India’s government has added an Energy Storage Obligation alongside its Renewable Purchase Obligation for the first time.
Meanwhile, a government thinktank has predicted around 180GWh of demand for batteries for stationary energy storage systems (ESS) by 2030.
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Last week, the country’s Ministry of Power issued an order revising the tariff policy around Renewable Purchase Obligations (RPO), through which entities such as electricity distribution licensees must ensure a minimum of energy consumed comes from renewable sources.
Earlier this year, Power Minister RK Singh said energy storage would be included in the policy. The new order sets a trajectory to the years 2029-2030.
Along with stipulating certain parameters for energy storage’s eligibility, the government has determined that large-scale pumped hydro energy storage (PHES) over 25MW be classified as part of the RPO under a separate Hydro Purchase Obligation.
By 2029-2030, combined wind, hydro and other renewable energy purchase obligations will reach a combined 43.33%, comprising 6.94% wind, 2.82% hydro and 33.57% other renewable.
The Energy Storage Obligation (ESO) specifies that the percentage of total energy consumed from solar and/or wind, with or through energy storage should be set at 1% in the 2023-2024 timeframe and gradually rise to 4% by 2029-2030, as in the table below.
Energy Storage Obligation will be fulfilled when at least 85% of energy procured and stored on an annual basis comes from renewable energy sources.
|Financial Year||Storage percentage of consumption (on an energy basis)|
Read the Ministry of Power’s order on the RPO and ESO trajectory to 2029-2030, here.
Government thinktank estimates 182.9GWh cumulative ESS battery demand 2021-2030
The order is the latest step in market-seeding activities by the government of India, which is targeting a total of 500MW generation capacity from non-fossil fuel sources by 2030, including 450GW of wind and solar PV, and has already exceeded 150GW.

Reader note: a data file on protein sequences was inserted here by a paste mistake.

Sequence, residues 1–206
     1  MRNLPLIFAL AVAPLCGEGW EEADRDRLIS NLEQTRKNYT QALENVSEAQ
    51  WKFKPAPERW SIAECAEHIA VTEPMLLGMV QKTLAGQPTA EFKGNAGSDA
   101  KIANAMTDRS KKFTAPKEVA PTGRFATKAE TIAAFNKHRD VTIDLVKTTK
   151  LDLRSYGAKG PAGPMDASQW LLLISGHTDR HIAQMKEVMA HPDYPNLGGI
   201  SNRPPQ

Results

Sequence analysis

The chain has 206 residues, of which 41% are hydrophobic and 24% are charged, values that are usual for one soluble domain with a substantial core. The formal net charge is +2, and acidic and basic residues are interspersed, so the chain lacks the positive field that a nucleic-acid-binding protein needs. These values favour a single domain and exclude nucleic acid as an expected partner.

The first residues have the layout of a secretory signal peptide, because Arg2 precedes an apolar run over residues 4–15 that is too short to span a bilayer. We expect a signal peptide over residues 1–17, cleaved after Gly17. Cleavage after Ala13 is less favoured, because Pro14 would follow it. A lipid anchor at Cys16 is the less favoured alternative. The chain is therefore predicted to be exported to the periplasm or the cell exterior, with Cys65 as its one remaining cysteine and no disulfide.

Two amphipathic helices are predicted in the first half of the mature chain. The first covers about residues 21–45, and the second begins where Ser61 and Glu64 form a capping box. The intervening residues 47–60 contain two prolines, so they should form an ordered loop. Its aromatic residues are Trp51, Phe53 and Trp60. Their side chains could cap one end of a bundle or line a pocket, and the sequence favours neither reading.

The national Central Electricity Authority has previously determined that this will require about 28GW/108GWh of energy storage to integrate into electricity networks.
However, industry group India Energy Storage Alliance (IESA) has modelled a need for 160GWh or more of storage by that time, and a new report from government tech and innovation Niti Aayog forecasts that it could be even higher.
Last week British politician and COP26 president Alok Sharma met with Niti Aayog CEO Parameswayan Iyer and its vice chairman Suman Bery to discuss collaboration between the UK and India on electric mobility as well as reuse and recycling in the battery market.
The think tank has produced a report in partnership with the UK government on the prospects for advanced chemistry cell (ACC) battery recycling and reuse in India. India is currently supporting private entities from home and abroad to set up 50GWh of annual ACC manufacturing capacity by 2025 and is hotly anticipating much more will come online.
While the report therefore focuses on various aspects of the battery industry ecosystem, it begins with an estimated forecast of demand for batteries across all sectors to 2030.
It predicts a total cumulative potential demand between 2021 and 2030 of 600GWh: electric vehicles (EVs) of various kinds take the biggest share at 380.6GWh, while grid applications total 136.4GWh, behind-the-meter applications 46.5GWh, while consumer electronics demand for batteries is forecast at about 36.4GWh.
Read the full report: ‘Advanced chemistry cell battery reuse and recycling market in India,’ here.